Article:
• correction of the geometrical distortions,
    • reconstruction of a reference image designated “fixed image” by interpolation of a reference point cloud referred to as a “fixed point cloud”,
    • for every other point cloud, designated “mobile point cloud”, reconstruction of an image referred to as “mobile”, then optimization of a mean square error calculated between said mobile image and said fixed image.

Advantageously, the mean square error is calculated considering only the pixels corresponding to the points of said mobile point clouds.

The interpolation algorithm is for example an iterative sequence of B-spline approximations disclosed in particular in the following document: Seungyong Lee, George Wolberg, and Sung Yong Shin; “Scattered data interpolation with multilevel b-splines”; IEEE transactions on visualization and computer graphics, 3(3), July-September 1997.

Advantageously, the reference point cloud can correspond to a position of the image guide at rest.

According to the invention, the positioning step can for example consist of positioning each point cloud as a function of predetermined shift distances obtained by a step of calibrating the movements of the image guide.

Preferably, at each acquisition, in order to shift the image guide relative to the optical head, at least one voltage is applied to at least one piezoelectric strip, which is at least integral with the distal end of this image guide. By way of example, four strips are used, constituting a piezoelectric tube which surrounds at least the distal end of the image guide, and, for each movement of the distal end of the image guide, a pair of opposite voltages are applied to two opposite strips respectively. Moreover, the spatial shift is obtained by a substantially lateral translation movement of the distal end of the image guide in two orthogonal or at least non-colinear directions.

Advantageously, the calibration step can be carried out by applying the following steps to a limited number of point clouds obtained by acquisition of a reference pattern arranged in the place of said object under observation:

    • correction of geometric distortions,
    • reconstruction of a reference image, designated “fixed image”, by interpolation of a reference point cloud referred to as a “fixed point cloud”,
    • for every other point cloud, designated a “mobile point cloud”, reconstruction of an image referred to as “mobile”, then optimization of a mean square error calculated between said mobile image and said fixed image,
    • production of a linear model describing the shift distance obtained between fixed image and mobile image as a function of the voltage applied to the piezoelectric strip in order to produce this shift.

The calibration makes it possible to validate a model of linear movements as a function of the voltage applied and to estimate a shift coefficient as a function of the measurements. The subsequent point clouds are then positioned using this linear model.

Moreover, the step of reconstructing the final image can be carried out using a so-called iterative B-spline approximation algorithm for which the superimposition is considered as an irregular-points cloud. This algorithm displays good mathematical behaviour, good stability, and is of reasonable cost in terms of calculation time.

The problem of reconstruction from several acquisitions is the same as that of reconstruction knowing only a single acquisition with a non-linear system. It is assumed here that the equivalent transfer function of the system is spatially variant, and that the sampling is irregular.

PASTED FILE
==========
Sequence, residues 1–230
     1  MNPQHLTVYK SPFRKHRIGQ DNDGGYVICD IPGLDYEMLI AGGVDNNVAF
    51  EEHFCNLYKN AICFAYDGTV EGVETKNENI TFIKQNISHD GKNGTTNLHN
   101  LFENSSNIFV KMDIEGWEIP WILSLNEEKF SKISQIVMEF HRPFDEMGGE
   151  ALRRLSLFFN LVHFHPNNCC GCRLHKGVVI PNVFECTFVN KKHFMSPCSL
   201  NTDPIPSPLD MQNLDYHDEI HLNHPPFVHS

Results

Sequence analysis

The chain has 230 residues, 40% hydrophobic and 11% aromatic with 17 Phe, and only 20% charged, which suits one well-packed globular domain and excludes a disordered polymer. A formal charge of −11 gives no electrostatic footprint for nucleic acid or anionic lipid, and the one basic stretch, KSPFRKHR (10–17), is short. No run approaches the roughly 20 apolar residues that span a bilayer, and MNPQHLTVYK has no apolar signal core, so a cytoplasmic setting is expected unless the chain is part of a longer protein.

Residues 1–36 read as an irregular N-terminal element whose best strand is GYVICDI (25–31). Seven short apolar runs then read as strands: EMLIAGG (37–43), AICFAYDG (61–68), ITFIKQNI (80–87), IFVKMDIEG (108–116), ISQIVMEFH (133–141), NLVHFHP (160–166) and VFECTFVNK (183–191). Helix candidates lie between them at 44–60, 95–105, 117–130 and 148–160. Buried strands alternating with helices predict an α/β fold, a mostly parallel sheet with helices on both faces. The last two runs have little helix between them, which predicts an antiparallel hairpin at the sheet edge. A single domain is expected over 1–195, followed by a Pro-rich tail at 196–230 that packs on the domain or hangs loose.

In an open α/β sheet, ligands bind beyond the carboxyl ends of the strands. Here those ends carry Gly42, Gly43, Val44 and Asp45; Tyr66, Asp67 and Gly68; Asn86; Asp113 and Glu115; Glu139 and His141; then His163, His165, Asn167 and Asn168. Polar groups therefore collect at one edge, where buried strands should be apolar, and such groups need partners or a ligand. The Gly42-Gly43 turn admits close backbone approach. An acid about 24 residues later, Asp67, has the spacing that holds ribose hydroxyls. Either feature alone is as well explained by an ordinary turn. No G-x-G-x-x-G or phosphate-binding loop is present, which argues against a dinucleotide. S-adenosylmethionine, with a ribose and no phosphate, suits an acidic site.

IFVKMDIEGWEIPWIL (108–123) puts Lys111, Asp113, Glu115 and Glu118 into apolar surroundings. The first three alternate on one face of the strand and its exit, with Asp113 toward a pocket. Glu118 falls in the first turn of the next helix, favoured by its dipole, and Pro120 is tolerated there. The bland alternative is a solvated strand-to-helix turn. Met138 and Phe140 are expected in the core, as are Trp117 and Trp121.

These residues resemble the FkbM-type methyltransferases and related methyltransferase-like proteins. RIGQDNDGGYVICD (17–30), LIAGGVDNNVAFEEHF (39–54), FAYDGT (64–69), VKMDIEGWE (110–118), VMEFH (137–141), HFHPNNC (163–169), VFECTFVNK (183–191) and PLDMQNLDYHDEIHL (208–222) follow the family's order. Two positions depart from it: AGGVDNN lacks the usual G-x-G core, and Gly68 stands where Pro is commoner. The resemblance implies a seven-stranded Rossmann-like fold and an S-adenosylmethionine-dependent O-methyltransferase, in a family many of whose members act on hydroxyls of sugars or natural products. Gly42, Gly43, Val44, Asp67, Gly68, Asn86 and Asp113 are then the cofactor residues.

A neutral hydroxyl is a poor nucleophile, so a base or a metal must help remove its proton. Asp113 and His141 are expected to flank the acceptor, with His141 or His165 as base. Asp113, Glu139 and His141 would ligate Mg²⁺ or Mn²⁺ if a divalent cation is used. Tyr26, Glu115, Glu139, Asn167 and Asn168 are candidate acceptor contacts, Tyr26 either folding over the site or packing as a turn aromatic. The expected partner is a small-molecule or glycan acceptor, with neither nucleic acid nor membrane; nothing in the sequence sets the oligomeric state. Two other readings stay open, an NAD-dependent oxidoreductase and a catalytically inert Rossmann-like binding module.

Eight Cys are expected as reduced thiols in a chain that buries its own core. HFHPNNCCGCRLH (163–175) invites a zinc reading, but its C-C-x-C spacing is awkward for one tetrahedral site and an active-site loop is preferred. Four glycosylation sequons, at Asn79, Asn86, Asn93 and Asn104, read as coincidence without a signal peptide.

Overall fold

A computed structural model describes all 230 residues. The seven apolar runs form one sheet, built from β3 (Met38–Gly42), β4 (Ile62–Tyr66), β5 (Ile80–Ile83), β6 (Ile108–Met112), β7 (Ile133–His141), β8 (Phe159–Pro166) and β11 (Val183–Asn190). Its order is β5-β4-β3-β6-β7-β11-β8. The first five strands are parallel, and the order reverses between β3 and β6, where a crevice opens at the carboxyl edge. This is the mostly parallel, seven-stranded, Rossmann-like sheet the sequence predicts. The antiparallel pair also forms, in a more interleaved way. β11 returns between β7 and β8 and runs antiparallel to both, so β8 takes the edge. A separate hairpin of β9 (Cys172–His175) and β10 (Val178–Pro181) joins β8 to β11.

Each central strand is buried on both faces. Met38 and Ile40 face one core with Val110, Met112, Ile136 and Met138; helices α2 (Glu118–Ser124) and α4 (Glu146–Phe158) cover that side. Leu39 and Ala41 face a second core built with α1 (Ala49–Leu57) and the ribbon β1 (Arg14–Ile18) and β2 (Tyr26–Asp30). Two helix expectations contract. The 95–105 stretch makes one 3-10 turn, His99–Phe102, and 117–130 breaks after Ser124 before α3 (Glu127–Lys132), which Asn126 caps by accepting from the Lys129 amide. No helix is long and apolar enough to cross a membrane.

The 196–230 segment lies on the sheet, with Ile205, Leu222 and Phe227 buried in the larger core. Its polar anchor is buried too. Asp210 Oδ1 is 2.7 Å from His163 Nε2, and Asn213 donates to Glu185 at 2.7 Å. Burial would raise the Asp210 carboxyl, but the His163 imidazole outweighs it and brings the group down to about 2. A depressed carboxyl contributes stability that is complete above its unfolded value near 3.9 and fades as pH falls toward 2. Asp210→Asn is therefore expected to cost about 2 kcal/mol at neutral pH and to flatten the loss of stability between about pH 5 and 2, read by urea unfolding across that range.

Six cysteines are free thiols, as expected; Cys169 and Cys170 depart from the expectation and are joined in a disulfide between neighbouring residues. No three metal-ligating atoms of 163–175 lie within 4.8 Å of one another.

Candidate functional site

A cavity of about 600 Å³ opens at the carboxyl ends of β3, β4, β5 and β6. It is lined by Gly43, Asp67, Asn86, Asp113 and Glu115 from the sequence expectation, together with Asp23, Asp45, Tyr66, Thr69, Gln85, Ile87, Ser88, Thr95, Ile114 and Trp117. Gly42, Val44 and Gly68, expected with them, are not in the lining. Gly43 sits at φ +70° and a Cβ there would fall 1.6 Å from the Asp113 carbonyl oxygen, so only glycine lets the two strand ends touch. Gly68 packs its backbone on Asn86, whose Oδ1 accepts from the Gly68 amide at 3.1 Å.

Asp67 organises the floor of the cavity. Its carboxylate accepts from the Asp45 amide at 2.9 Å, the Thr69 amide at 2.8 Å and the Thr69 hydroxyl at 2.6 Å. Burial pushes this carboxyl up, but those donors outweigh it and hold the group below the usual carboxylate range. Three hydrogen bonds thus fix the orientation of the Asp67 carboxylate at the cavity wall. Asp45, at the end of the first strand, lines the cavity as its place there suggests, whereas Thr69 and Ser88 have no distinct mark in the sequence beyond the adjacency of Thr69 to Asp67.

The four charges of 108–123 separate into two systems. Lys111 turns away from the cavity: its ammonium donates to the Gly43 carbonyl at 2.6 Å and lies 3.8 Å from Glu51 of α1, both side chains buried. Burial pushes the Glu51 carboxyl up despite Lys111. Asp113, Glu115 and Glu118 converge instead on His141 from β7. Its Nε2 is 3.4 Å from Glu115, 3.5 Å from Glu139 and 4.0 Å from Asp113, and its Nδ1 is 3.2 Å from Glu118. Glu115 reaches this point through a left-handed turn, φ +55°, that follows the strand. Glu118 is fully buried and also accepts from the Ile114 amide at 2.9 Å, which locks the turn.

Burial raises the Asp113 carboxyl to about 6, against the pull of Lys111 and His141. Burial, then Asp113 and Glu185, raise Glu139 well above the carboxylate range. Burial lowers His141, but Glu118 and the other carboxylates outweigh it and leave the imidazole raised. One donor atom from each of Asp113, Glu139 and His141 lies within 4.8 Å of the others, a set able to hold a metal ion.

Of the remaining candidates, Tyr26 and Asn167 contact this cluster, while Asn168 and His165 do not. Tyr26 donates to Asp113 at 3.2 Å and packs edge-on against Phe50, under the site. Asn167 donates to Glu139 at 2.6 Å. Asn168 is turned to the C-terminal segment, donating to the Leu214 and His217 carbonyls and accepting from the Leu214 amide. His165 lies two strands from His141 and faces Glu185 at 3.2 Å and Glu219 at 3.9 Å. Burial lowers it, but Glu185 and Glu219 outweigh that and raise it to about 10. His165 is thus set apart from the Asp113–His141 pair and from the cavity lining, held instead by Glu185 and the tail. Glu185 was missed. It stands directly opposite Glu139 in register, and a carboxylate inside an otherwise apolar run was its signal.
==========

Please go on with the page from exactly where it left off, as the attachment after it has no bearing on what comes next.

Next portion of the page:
The step of reconstructing the final image can be followed by a step of deconvolution of the final image if the thus-synthesized sampling is redundant.

According to another aspect of the invention, a device is proposed for increasing the resolution of confocal images acquired through an image guide constituted by a plurality of optical fibres, the proximal end of this image guide being connected to a laser scanning device provided in order to emit a laser beam into each optical fibre of the image guide and collect each return beam during an acquisition, the distal end being associated with an optical head for focusing the laser beam emitted by the image guide in an object under observation. According to the invention, the optical head comprises optical means integral with this optical head. The device also comprises a piezoelectric tube surrounding the image guide and integral with this image guide, at least at said distal end, so as to spatially shift this distal end relative to the optical head in response to a shift order. This set value is preferably a pair of voltages applied to the piezoelectric tube.

The piezoelectric tube is advantageously constituted by at least four independent ceramic strips each occupying a quarter of the tube. The internal and external faces of each strip can be covered with metallic material, such as silver, such that the application of opposite voltages to two opposite strips respectively, shifts the distal end of the tube by exploiting the transverse piezoelectric effect. More precisely, the ceramic strips can be controlled two by two in two orthogonal directions.

A system is also proposed for increasing the resolution of confocal images acquired through an image guide constituted by a plurality of optical fibres, the proximal end of this image guide being connected to a laser scanning device provided for emitting a laser beam into each optical fibre of the image guide and collecting each return beam during an acquisition, the distal end being associated with an optical head for focusing the laser beam emitted by the image guide in an object under observation. According to the invention, for a given position of the optical head, this system comprises:

    • means for producing a plurality of acquisitions through the image guide,
    • means for spatially shifting, at each acquisition, said distal end of the image guide relative to the optical head,
    • means for transforming data from each acquisition into a point cloud weighted by the optical power measured on the object through each optical fibre of the image guide,